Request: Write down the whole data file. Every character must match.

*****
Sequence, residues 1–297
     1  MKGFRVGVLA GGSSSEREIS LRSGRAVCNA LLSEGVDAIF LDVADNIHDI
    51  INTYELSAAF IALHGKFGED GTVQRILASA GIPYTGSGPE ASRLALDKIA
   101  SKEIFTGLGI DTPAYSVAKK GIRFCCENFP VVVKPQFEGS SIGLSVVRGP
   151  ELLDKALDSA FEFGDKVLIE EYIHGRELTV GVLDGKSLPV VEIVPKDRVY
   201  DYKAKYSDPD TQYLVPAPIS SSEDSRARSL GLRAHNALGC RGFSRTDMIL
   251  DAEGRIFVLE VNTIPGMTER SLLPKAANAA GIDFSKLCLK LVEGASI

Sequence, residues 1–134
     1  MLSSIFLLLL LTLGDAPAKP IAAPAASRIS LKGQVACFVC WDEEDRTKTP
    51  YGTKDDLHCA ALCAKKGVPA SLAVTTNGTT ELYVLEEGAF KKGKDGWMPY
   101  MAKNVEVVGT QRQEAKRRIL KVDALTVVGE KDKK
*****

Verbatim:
Sequence, residues 1–297
     1  MKGFRVGVLA GGSSSEREIS LRSGRAVCNA LLSEGVDAIF LDVADNIHDI
    51  INTYELSAAF IALHGKFGED GTVQRILASA GIPYTGSGPE ASRLALDKIA
   101  SKEIFTGLGI DTPAYSVAKK GIRFCCENFP VVVKPQFEGS SIGLSVVRGP
   151  ELLDKALDSA FEFGDKVLIE EYIHGRELTV GVLDGKSLPV VEIVPKDRVY
   201  DYKAKYSDPD TQYLVPAPIS SSEDSRARSL GLRAHNALGC RGFSRTDMIL
   251  DAEGRIFVLE VNTIPGMTER SLLPKAANAA GIDFSKLCLK LVEGASI

Sequence, residues 1–134
     1  MLSSIFLLLL LTLGDAPAKP IAAPAASRIS LKGQVACFVC WDEEDRTKTP
    51  YGTKDDLHCA ALCAKKGVPA SLAVTTNGTT ELYVLEEGAF KKGKDGWMPY
   101  MAKNVEVVGT QRQEAKRRIL KVDALTVVGE KDKK